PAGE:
However, sometimes silage along the sides may get spoilt due to improper compaction.

Trench or pit silos

Trench silos are constructed by excavating soil to form a trench or a furrow on a slightly sloppy ground, meaning the silage material will be ensiled below the ground surface.

It enables easy compaction of the material being conserved.

The width should be at least 2m wide to allow compaction and the walls should be slightly slanting inwards towards the floor.

Doris Wambui of the livestock department of Wambugu Farm in Nyeri explains a point on silage making inside a tank in a past occasion.

Doris Wambui of the livestock department of Wambugu Farm in Nyeri explains a point on silage making inside a tank in a past occasion. The amount of silage you require as a dairy farmer is determined by the number of animals you have, their nutritional requirements and quantity as well as quality of other available forages such as hay. FILE PHOTO | NATION MEDIA GROUP

Major limitations include the process is labour intensive and silage may spoil due to rain water seepage.

Polytube or bag silos

A polytube for silage making is a seamless 1,000 micron gauge open ended bag ranging between 2-2.5m long.

It is tied on one end, filled with the material being ensiled and then tied at the top for fermentation to take place.

It should be stored away from direct sunlight with some weights placed at the top. A single bag silo can hold between 350 to 500kg of silage and is suitable for small-scale farmers.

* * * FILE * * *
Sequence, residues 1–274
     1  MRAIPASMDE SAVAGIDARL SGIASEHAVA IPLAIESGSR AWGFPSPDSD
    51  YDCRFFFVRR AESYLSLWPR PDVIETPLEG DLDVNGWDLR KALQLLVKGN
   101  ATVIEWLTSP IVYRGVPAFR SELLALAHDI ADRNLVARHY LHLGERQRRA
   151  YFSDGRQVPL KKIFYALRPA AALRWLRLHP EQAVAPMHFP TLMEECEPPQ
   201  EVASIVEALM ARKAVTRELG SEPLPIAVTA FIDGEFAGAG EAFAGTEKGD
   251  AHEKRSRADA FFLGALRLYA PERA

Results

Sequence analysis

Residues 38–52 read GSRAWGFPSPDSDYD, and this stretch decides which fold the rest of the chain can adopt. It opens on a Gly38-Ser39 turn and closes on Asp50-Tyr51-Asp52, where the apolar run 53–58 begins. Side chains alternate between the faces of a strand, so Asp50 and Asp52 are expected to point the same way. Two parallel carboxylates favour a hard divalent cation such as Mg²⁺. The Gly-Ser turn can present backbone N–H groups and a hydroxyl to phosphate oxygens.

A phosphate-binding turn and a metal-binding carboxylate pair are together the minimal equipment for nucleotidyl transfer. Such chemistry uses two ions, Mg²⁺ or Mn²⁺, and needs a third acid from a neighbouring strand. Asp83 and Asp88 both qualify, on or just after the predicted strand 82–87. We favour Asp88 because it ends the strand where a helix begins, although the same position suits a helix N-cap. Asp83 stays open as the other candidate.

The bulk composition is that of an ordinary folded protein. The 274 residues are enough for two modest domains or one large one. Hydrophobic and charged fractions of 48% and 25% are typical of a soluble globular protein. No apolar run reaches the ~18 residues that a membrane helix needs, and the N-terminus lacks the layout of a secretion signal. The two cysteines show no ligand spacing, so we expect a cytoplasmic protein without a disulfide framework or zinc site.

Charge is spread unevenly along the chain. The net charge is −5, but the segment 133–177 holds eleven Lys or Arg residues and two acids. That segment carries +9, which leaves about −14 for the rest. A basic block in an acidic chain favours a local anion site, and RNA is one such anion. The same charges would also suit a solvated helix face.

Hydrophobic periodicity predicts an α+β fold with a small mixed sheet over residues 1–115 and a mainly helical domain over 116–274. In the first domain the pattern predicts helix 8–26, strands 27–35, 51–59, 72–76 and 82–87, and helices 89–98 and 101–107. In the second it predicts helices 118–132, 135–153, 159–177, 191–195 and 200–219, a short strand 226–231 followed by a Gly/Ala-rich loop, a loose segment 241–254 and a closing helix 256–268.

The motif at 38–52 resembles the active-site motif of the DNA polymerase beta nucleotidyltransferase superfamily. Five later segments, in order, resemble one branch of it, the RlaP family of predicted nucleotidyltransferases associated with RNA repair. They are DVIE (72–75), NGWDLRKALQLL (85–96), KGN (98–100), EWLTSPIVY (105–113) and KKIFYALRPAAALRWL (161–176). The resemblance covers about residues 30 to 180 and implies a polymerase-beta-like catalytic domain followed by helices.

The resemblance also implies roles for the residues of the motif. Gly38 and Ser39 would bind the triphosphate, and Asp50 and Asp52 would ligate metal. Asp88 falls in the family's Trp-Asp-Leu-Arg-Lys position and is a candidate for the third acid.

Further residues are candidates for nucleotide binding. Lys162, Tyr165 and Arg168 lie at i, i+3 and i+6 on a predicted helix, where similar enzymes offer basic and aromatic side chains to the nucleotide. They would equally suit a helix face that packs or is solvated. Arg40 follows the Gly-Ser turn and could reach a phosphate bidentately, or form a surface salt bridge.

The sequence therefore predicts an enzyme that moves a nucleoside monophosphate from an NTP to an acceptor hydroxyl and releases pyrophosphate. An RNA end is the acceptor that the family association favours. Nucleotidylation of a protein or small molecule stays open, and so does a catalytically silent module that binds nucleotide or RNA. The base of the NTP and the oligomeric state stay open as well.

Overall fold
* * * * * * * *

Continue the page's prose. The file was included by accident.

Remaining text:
The main limitation of this type of silo is destruction by rodents and high labour requirements in the long run.

Bunker or walled-surface silos

Bunker silos are used in flat areas unsuitable for trench silos. Above-ground walls are constructed using concrete or timber braced with poles.

Timber walls that come into contact with silage should not be treated with preservatives but should be covered with polythene sheets to prevent moisture and acid penetration.

Concrete floors are usually needed for easier loading and to minimise feed waste. Bunker silos require adequate drainage.

They are suited for medium and large scale farmers.

Sealing the silage

The most-effective way commonly used for sealing the silage is by using a sheet of polythene, at least 250 microns thick (preferably 1,000 microns) to prevent rainwater from entering.

Kingcell Youth Group members prepare silage in a pit in Meru.

In this file photo, Kingcell Youth Group members prepare silage in a pit in Meru. The group makes up to 700tonnes of silage in a month earning from their activities. FILE PHOTO | NATION MEDIA GROUP

White polythene is preferable due to its superior UV light resistance and reduced silage temperatures beneath it.

Allowance must be made for shrinkage and drainage by building up a crown in the centre of the silo.

Always use large enough polythene sheets to avoid seams, but if this is not possible, ensure that the sheets overlap over a width of at least 45cm then cover the seam with soil.

The sheeting can also be covered with used vehicle tyres, close to one another to keep the silage compacted and at the same time prevent the polythene sheet from being blown open by the wind.

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The writer works in the Department of Animal Sciences, Egerton University and is also a dairy consultant with DairyCloud Limited.